Professors Brad Greenwood and Sunil Wattal reviewed quarterly changes in vehicular homicides in California cities where Uber is available compared to ones without Uber. They found the ridesharing service decreased fatalities by a minimum of 3.6 percent. Using that data nationally, they believe about 500 lives would be spared annually and the $37 billion spent on medical care for injuries, prosecution and incarceration for drunk drivers could be reduced. Annually, 13,000 Americans are killed in such accidents.

Greenwood acknowledged he was inspired to start the project — which was not affiliated with Uber — after attending a wedding, having too much to drink and using the Uber X service to get home.

The Temple study found the UberX service greatly reduced alcohol-related motor vehicle deaths; however, nine to 15 months pass before the effect is noticed. Greenwood and Wattal also found the effect is greatly reduced during peak times when rates surge, such as on weekends and holidays, because fewer people use the service when the price jumps during peak times. (Surge pricing is supposed to motivate more drivers to log on, thus reducing prices in real time.) When it comes to Uber Black, the upscale service, results were similar only in cities with more than 250,000 in population.

Nevertheless, the studies are great PR for Uber, which has been strongly criticized since its inception six years ago for everything from damaging the taxi industry and failing to unionize to allegations that its drivers have raped and kidnapped passengers in cities such as Berlin, New Delhi, and Toronto. The company has spent hefty amounts in court battles, and has been banned or restricted in some places such as South Korea. In Cape Town, South Africa, traffic police impounded 34 Uber vehicles for illegally operating, forcing Uber to buy commercial licenses there.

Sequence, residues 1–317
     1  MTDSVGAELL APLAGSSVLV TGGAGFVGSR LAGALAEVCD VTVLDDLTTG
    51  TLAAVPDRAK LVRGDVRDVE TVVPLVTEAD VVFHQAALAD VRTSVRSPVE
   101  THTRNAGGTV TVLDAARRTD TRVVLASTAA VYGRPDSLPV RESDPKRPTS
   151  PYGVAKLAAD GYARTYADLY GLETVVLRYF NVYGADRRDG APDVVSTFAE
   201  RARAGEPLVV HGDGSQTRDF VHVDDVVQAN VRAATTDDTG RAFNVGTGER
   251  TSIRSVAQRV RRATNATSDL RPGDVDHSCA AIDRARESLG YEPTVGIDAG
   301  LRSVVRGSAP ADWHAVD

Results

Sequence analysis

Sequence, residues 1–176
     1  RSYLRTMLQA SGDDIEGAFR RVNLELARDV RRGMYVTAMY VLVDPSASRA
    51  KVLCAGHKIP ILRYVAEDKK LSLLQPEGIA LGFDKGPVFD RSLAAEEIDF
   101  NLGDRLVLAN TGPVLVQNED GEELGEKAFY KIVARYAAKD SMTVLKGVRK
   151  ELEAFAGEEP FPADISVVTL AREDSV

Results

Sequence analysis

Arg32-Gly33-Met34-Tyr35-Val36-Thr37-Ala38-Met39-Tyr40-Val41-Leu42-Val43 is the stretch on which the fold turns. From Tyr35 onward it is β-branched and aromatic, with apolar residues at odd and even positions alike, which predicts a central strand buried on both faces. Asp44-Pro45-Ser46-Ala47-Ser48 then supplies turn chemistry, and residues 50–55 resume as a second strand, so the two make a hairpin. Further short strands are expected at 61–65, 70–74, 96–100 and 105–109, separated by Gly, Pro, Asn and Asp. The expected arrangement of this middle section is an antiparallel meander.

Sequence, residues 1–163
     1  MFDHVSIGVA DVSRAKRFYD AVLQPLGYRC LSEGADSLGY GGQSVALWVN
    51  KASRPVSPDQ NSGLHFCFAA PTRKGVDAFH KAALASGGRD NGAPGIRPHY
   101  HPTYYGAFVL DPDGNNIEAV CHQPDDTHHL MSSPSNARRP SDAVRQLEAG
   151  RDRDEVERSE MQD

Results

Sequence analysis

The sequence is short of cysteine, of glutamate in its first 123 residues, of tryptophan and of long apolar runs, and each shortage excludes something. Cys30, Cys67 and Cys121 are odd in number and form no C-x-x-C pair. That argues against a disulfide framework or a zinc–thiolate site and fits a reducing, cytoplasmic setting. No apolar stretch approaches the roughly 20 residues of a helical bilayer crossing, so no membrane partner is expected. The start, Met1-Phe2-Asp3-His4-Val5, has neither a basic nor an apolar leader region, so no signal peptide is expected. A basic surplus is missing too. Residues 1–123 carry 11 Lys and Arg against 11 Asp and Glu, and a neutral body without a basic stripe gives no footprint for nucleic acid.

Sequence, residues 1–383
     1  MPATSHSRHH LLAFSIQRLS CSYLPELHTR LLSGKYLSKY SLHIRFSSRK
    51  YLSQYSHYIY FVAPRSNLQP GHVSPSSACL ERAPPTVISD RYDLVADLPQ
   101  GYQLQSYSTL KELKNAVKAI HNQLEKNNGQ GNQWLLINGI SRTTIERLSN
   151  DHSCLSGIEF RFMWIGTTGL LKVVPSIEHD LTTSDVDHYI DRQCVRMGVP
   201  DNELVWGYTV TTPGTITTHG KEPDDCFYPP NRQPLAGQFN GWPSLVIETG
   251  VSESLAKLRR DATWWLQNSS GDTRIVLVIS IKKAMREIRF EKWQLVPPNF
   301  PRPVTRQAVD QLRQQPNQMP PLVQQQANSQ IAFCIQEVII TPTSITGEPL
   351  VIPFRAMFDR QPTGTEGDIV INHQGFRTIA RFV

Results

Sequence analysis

Then there’s the case of an Uber driver who in February was arrested in Southern California for driving drunk after the Super Bowl after he had picked up several passengers, and was on his way to pick up more. The driver, Robert Wing, told an officer he had watched the Super Bowl at a bar, and later decided to make some extra money. The Los Angeles Times reported that two empty beer cans were found in the vehicle, including a Coors Light can found under the front seat. Police said his blood-alcohol level was 0.25 percent, more than three times California’s legal limit of 0.08 percent.

Uber provides a useful service and alternative transportation; especially in places where taxi service is costly and not readily available. A reduction in drunk driving incidents would be a victory for everyone on the road, and for the thousands of families who lose loved ones due to alcohol-related accidents each year. It’s just that Uber hasn’t yet done a convincing job yet in linking its service to the decline in drunk driving arrests and fatalities.

—Kimberly Hayes Taylor